So the man who has wrestled all his life comes to his final battle at the Jabbok ford. He’s been wrestling all his life, since his birth, even before his birth. He tussled with his twin brother, Esau, within the womb, grasping his heel, still trying to win over him on the way out the birth canal. He strove with his brother for the birthright and the patriarchal blessing. He wrestled a stone away from the mouth of a well to impress his future bride. He contended again and again with his father-in-law. And now comes the culmination of his life, the climactic, defining event. He wrestles with “a man” at the Jabbok ford.
But what kind of man is this? Jacob, the trickster, thief, deceiver encounters a stranger in the dark – a man without a name and without provenance; he grapples with the mysterious unknown in the dark of the night. And in that long battle neither opponent is able to toss or pin the other; they are unable to hold or throw the other down.
This man in the dark may be more than a man. There is something strange in this encounter. Is he some sort of night spirit or troll that will lose its power or be turned to stone at the breaking of dawn and the light of the sun? Is he an angel of the Lord or a demon from the desert? Is he, perhaps, even God himself?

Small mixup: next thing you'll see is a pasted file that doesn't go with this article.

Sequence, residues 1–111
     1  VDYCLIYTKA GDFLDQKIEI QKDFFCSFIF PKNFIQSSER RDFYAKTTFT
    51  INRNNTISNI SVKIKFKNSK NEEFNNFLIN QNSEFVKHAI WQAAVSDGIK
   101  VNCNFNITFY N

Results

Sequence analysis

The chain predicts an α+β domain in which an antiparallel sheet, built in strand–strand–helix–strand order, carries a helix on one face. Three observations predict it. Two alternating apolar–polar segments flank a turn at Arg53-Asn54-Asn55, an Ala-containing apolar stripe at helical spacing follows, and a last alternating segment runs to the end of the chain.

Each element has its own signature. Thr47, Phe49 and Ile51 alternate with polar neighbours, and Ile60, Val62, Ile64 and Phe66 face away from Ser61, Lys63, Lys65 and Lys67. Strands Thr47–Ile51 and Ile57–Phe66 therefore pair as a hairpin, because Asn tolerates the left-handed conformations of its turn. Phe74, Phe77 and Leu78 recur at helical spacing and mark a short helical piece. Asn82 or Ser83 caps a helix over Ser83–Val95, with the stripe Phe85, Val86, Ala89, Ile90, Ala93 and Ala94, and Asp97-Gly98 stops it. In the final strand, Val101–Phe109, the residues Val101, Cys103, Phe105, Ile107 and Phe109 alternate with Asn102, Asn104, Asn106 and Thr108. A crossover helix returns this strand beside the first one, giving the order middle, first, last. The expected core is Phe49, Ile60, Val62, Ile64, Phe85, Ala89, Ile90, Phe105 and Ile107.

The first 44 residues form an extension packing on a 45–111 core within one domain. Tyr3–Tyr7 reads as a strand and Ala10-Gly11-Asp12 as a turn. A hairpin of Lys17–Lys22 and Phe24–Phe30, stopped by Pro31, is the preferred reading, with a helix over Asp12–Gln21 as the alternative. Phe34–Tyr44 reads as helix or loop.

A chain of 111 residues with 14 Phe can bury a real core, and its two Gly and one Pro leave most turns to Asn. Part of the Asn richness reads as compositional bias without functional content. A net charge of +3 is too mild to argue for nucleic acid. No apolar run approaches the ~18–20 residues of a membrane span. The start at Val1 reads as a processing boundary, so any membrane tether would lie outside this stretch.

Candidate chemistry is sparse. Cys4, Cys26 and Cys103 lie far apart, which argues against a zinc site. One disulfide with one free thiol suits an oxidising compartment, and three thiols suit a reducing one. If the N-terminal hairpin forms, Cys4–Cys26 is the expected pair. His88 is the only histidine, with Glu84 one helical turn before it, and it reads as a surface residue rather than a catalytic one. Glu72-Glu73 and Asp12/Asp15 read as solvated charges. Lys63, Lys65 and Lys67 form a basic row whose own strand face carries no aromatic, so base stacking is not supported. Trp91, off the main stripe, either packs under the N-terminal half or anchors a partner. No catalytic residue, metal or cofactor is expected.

Or is this man in the dark the embodiment of all Jacob’s guilt and fear – a psychic projection. In this man that he cannot defeat, Jacob sees the face of those he has offended and wronged. He sees the face of God and his own face, and the face of his twin brother Esau.
Jacob struggles on heroically determined, and stubbornly relentless. He refuses to admit or accept defeat. But then, with a touch (and not a crushing blow), the slightest touch, the man from the dark blows Jacob’s hip out of joint. He is hobbled, wounded. The supplanter is supplanted. He falls – but even in this defeat he finds a victory of sorts. Even in defeat he demands a blessing.
All his life he’s wrestled for and demanded a blessing from others. Give me the birthright and patriarchal blessing. Give me a bride. Give me sheep, and goats, and camels. Give me a blessing! But what kind of blessing has he won here? The blessing of defeat and a limp to remind him of it. He is no longer Jacob, the deceiver, but Israel who has wrestled with gods and men and has won.
 Compare Jacob’s words: in Genesis 32: 31 he says, “I have seen God face to face and I came out alive,” and in 33: 10 he says to Esau, “…for have I not seen your face as one might see God’s face, and you received me in kindness?” (Alter 183, 186)
Alter, Robert. Genesis: Translation and Commentary. New York, NY: W.W. Norton and Company, Inc. 1996. Print.